Climbing is largely about progression, and one of the most significant progressions many climbers will make is taking their climbing from indoor gyms to outside cliffs. Gyms are often closer to would be new climbers. They’re more accessible and offer a safe, easy to access learning environment to experience the thrills of climbing in a digestible format. Folks who catch the bug in the gym eventually want to take their passions to outdoor playgrounds. This is a serious step. It is a less controlled environment, requiring a greater level of knowledge to climb safely, and a corresponding increase in the required personal responsibility. New techniques, ethics and systems must be learned, and trusted. The best way to do this is to ease into it with a guide/ teacher, showing you the ways, being their to reassure, and helping you wade through the ethics of climbing at outside cliffs.
In the past couple of days I had two opportunities to help groups begin this progression. This post is to demonstrate some of the ways to take your gym skills to outdoor cliffs in a safe controlled manner, as well as to highlight what these folks did.
First up were David and Caitlin Lewis. They started climbing this winter at Evolution Rock Gym and quickly progressed through the grades and into leading on the sport walls at the gym.
David On Blustery Day
Having the full day, David, Caitlin and I started by hiking up to Upper Darth Vader crag. This location is fairly shaded and cool on summer mornings, and offers a handful of fun moderates to warm up on. One of the bigger cruxes of the gym to crag progression is learning to look for holds in the rock, as opposed to fluorescent colored shapes on a wall. This can be a serious challenge as holds outside often don’t look like holds at first. The presence of climbing chalk can help out times to identify a hold, but how to use it, and whether it is a good one or not, still needs to be determined. Additionally, it is a new environment, and climbing outside for the first time can often be a little scary because of the new unknowns. This area provided us an opportunity to get use to this new environment, and start reading the rock for how to climb it.
Caitlin on Dirtigo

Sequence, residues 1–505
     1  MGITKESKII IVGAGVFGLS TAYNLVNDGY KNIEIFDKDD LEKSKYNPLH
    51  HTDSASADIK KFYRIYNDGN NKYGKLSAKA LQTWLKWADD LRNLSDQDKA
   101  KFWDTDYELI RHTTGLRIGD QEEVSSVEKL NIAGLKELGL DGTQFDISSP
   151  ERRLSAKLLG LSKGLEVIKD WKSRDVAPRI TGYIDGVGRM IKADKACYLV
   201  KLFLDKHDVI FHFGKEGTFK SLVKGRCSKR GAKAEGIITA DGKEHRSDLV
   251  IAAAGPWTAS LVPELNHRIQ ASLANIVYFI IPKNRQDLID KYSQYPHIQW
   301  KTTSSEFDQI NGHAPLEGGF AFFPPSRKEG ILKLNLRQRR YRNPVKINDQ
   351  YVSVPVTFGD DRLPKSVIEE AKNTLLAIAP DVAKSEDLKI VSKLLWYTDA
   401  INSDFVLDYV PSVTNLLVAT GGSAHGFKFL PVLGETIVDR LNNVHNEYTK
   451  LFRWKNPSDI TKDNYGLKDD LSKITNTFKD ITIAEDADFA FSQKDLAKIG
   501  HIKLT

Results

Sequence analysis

For the afternoon we moved to the now shaded Dirtigo area. This part of main cliff offers some very safely bolted easy climbs. When learning a new system, usb as leading, it is good to strip away all other challenges in order to focus on the one that you are trying to learn. There are three easy climbs here that are great for learning to lead, as the main challenge becomes leading, instead of the difficulty of the climbing. Caitlin had lead regularly in the gym prior to this, but never outside. We went over how to clip the draws to the rock, and then the rope to the draws, and how to manage the lead rope so that it was in a safe location. Caitlin then put this new knowledge to use rope gunning to great climbs for her Dad!
If you’re coming to the outdoor realm with no indoor leading skills, then a great way to learn is by mock leading. This is were you are on top rope, for safety, but clipping bolts and managing a lead rope for practice. A group of four friends from Windham High joined me for a half day of learning to lead at Rumney, and this is the approach we took.
These guys were coming from Vertical Dreams with varying degrees of experience and skill. We worked through out our day to get them all on a climb where they were able to practice leading skills safely, as well as a climb or two where they could challenge themselves on real rock, as this was all of their first times outside.
Going for the clip
As a guide, my best days are when my guests are able to progress. Both of these groups were genuinely excited to improve their game and learn new skills, and form my perspective they were able to do both. Thanks to all for two great days, and I hope to see you out on the cliffs soon!